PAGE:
And I also find a great strategy for anything that is core is to partner with others. This is a little different than outsourcing that you might do with something that is a Support in nature. Something that’s Core, you really want to make sure it’s done well. You create a partnership. You make that other partner integral to the way that you deliver your work. Efficiency is going to be your main strategy.
You want to get it right? You want to do it well, but you want to do it as cost-effectively, as you can.
This takes us to the third level, which are Differentiating activities. And these are the ones that set you apart from the competition. These are the most important ones. These are the ones you have to get right.
Because if you get it wrong, you’re not going to have your customers. Now in Invisible Solutions. I talk extensively about the concept of identifying your differentiator. And I’m not going to go into that here, but the key is to recognize that your differentiator has to really set you apart. It has to be something which is distinctive.
It has to be durable and that will stand the test of time. And it also has to be something that is desirable, that people are willing to pay for it. There are other aspects to it in the book, I talk about five Ds: Distinctive, Durable. Disruption-Proof, which means that you’re not going to be subject to disruption. I talk extensively about that in the book. Desirable, which means people are willing to pay for it. And Disseminated, which means that it is actually shared internally and externally, because if your differentiator is your best kept secret, while it’s not going to really make that much of a difference.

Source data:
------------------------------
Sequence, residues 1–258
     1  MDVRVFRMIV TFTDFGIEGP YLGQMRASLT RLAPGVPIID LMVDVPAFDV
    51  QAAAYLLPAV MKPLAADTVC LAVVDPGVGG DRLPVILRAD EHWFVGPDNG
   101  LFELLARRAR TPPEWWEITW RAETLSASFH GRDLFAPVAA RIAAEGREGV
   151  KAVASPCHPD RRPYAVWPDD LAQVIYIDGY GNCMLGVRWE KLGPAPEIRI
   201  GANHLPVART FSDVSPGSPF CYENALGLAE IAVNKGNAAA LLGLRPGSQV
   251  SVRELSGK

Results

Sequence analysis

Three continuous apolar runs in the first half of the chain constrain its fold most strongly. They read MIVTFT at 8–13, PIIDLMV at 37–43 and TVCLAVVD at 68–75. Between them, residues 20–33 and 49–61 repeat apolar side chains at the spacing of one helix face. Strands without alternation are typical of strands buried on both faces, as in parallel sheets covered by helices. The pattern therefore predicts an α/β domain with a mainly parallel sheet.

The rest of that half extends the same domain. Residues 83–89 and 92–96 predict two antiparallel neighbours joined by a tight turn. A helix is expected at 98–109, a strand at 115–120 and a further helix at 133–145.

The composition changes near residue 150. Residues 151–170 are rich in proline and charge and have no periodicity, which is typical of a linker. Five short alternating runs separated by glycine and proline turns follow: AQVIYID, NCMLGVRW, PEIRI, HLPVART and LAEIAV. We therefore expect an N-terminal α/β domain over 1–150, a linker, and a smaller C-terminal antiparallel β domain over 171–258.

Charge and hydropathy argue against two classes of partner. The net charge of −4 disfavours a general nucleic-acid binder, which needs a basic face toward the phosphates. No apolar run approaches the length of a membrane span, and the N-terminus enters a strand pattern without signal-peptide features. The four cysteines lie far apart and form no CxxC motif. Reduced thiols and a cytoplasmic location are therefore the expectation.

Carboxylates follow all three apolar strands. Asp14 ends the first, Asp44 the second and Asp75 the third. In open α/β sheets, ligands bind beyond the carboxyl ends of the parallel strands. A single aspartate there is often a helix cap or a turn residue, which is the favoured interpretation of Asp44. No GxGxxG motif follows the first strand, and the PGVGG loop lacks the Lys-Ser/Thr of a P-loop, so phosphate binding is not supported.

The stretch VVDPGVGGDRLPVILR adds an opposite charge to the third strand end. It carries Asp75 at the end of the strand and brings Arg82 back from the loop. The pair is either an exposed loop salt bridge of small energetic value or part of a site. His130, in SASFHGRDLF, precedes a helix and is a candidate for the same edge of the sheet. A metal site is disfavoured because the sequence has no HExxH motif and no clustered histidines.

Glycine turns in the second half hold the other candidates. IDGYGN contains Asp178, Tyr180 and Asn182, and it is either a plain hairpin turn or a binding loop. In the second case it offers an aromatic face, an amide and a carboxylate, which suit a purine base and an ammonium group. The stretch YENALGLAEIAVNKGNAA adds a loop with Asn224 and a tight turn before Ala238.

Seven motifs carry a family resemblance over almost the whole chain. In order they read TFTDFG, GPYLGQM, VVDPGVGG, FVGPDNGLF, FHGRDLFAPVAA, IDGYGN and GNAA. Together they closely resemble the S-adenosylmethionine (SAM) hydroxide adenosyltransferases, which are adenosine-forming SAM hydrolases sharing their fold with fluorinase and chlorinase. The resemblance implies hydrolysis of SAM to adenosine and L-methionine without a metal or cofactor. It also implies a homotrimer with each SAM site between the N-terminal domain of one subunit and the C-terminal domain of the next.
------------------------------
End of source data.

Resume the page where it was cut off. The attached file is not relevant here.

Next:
Your goal here, your operating strategy is to innovate.
Your goal is to create the greatest distinctive service that you possibly can. The greatest product, the greatest relationship, whatever it might be. Whatever reason people do business with you today and we’ll continue to do business with you tomorrow. You want to get these right.
There are a few important points I want to make around this whole concept of differentiation and the Innovation Targeting Matrix.
The first one is “innovation” is a sexy word. It’s something which everybody’s talking about. We need to innovate, we need to innovate. But here’s the thing. If your Core is not working, you have a problem with your business.
For example, if you are a company that manufactures a really cool distinctive product. But you can’t deliver it on time, or there are high manufacturing, error rates, having a great product that everybody’s going to be returning, or it’s not going to get to your customers and time is not going to work.
If you have a limited amount of money, make sure that your core is working first. Put your energy there. Because that’s really important to make sure that it is efficient. It has low error rates. It has high service levels. Then you can start worrying about your differentiator.